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Is Mexico safe? Five Tips for Choosing a Safe Destination

The Indigenous People's Pavillion at the Adventure Travel World Summit

The Indigenous Community’s Pavilion at the Adventure Travel World Summit. Local guides continually honored the indigenous communities.

I’ve just been to Mexico and the question I’m getting is: “Is it safe?”

It’s a fair question. Violence in Mexico has increased significantly in the last five years as described in this BBC news report from August. However, as the report also indicates, the violence is found in specific parts of the country and not in others. I visited San Cristobal de las Casas, in the state of Chiapas. I will share my experience concerning safety there but, if you will allow me, I’ll start in Northern Ireland.

Was Northern Ireland Safe?

I have family in Northern Ireland and I first visited in 1985 with my mother and eldest son (less than two years old at the time), then again in 1995 with my husband and three sons and most recently in 2002 on my own. The first two visits were during the period known as “The Troubles” though the tension was decidedly more evident in ’85 than ’95.

Northern Ireland was not a tourist destination in any of those years. The reports on the news were devastating and frightening. Why would anyone go there for holidays?

But when you have direct contact with a place through family, you have reason to go and are not so inclined to fear. My views were less affected by the news and more by my family who live in Whitehead about 17 miles north of Belfast.

Seventeen miles. That’s not far from a city rife with unrest. While I won’t say that there was no concern, I will say that people continued to live their lives and I continued to visit.

is Mexico Safe.

The lighter areas have the least violence. Chiapas is the lightest. This map was taken from the BBC news report mentioned above.

Is it safe to travel to Mexico?

By contrast to Northern Ireland, the distance from Ciudad Juarez (considered to be a center of the violence) to San Cristobal is (as the crow flies) 1481 miles.

If you look at the map on the right, you will see that most of the violence is many hundreds of kilometers away from where I was (at the bottom of the map).

So, the question: is Mexico safe? Yes and No. It is definitely safe in many parts of the country but not in others. One must be careful but oh, how unfortunate it would be to miss this entire country because of the hype in the news.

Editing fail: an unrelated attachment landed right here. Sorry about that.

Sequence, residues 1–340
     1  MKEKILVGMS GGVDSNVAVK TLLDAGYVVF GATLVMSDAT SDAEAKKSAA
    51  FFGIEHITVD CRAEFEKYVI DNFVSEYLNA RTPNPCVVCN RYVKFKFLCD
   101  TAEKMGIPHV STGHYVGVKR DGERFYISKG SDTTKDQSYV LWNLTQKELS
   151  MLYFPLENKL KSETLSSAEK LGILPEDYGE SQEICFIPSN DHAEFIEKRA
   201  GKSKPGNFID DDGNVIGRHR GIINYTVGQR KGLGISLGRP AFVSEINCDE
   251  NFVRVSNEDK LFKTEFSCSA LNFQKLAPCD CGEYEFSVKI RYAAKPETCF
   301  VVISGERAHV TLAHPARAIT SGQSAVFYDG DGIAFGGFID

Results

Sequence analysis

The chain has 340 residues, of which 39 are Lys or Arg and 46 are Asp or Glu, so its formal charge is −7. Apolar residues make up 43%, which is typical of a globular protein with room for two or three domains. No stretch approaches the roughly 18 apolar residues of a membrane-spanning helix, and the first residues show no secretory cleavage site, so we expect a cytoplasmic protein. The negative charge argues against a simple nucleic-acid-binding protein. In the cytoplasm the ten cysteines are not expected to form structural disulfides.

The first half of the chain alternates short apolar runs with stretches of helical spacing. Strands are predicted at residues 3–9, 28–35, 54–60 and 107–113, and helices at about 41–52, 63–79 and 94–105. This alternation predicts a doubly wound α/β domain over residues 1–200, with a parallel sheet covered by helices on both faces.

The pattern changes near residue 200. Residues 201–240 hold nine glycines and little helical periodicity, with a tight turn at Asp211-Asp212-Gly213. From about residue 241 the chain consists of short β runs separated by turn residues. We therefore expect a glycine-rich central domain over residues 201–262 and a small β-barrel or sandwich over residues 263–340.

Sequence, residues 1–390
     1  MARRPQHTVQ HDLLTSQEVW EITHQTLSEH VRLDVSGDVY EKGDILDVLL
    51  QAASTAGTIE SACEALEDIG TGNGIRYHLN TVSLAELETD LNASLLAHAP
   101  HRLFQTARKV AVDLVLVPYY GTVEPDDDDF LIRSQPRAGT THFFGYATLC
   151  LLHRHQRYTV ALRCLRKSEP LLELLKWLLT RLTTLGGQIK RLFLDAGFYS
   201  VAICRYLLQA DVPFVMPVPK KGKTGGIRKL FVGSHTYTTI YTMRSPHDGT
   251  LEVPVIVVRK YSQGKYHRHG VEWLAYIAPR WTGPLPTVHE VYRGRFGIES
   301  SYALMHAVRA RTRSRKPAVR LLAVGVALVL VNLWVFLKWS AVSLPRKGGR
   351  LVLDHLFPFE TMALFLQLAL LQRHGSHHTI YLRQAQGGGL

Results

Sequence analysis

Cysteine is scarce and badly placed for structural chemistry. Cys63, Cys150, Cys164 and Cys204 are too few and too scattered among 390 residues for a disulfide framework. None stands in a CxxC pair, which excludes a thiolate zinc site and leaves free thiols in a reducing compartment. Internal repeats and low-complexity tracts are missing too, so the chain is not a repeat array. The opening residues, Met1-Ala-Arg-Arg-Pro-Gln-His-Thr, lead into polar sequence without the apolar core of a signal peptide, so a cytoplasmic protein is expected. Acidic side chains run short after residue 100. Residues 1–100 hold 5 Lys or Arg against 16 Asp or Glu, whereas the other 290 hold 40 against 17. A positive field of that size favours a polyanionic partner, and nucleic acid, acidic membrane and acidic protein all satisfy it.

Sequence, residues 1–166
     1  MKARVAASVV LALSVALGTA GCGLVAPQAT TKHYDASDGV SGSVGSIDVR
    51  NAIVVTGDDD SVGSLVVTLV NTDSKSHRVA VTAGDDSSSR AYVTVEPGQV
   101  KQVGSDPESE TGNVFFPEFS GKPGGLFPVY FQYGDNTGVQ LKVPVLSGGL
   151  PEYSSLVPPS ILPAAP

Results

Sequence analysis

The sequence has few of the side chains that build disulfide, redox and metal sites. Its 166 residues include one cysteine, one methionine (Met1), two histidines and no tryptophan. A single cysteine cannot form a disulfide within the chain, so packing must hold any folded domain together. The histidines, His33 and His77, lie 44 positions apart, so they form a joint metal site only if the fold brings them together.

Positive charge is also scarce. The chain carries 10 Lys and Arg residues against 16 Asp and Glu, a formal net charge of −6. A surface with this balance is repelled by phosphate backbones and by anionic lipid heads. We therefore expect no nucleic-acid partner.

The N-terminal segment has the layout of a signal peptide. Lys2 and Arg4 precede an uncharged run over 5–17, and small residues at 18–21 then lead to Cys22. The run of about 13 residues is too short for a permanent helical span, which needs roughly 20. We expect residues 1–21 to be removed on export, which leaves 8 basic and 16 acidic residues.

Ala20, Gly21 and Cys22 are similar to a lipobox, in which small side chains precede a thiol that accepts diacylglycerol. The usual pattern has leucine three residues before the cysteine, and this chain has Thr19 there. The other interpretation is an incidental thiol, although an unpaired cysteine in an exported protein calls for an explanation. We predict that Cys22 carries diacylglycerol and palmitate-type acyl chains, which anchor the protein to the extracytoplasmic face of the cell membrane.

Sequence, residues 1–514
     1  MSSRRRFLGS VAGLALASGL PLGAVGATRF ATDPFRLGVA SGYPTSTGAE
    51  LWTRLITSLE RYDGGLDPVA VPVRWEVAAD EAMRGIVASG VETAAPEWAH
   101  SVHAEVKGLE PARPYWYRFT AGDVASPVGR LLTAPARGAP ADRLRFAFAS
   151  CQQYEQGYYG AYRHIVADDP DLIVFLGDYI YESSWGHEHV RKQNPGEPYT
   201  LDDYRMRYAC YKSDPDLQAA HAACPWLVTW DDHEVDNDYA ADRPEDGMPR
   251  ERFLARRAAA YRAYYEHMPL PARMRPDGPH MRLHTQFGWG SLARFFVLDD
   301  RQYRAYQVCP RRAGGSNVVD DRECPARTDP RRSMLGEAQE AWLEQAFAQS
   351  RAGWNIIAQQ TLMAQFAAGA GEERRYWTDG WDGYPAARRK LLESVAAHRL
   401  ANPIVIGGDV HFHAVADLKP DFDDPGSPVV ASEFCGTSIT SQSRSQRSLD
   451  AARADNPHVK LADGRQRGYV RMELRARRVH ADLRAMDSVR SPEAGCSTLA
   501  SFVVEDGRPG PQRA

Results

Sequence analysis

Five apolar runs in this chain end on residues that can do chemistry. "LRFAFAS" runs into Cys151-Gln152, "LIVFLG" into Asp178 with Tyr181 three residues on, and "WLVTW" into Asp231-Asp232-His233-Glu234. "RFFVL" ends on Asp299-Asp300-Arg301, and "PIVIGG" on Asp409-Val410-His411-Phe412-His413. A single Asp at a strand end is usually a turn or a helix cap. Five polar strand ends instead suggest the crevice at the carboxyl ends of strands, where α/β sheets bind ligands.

I was never worried in San Cristobal. Staying in the historic center of the city, it was lively in the evening and quiet in the morning. I didn’t wander by myself at night though I would have without fear. I did wander by myself in the early morning when I took the photos for this post. It was a peaceful experience.

Tips for Solo Travel Safety

I would never recommend that a solo traveler go to a destination that is unsafe. I am not that adventurous myself so I’m not inclined to suggest that others be so.

However, as indicated by the examples of Northern Ireland and Mexico above, just because a place is in the news for danger doesn’t mean that it is dangerous everywhere. If you want to go to a place that’s on the wrong side of safe according to the media, I recommend the following:

  • Check with your government’s website for travel warnings. Be aware that government warnings tend to be very broad geographically and they can be out of date as they have a greater urgency to put up a warning than to take it down.
  • Go to the Solo Travel Society on Facebook and message us about your destination. We post member questions every Monday and Thursday.
  • Go on Twitter and ask for people’s perspectives on your destination. Feel free to tweet me (@solotraveler) your question and I will retweet it for my 20,000+ followers.
  • Contact the tourist board for your destination. They certainly want you to come but they also want you to be safe. They don’t want to damage their reputation. They want good stories from their destination and should dissuade you if there is a problem.
  • Go on forums such as Lonely Planet’s Thorntree which can offer current information by travelers in the area.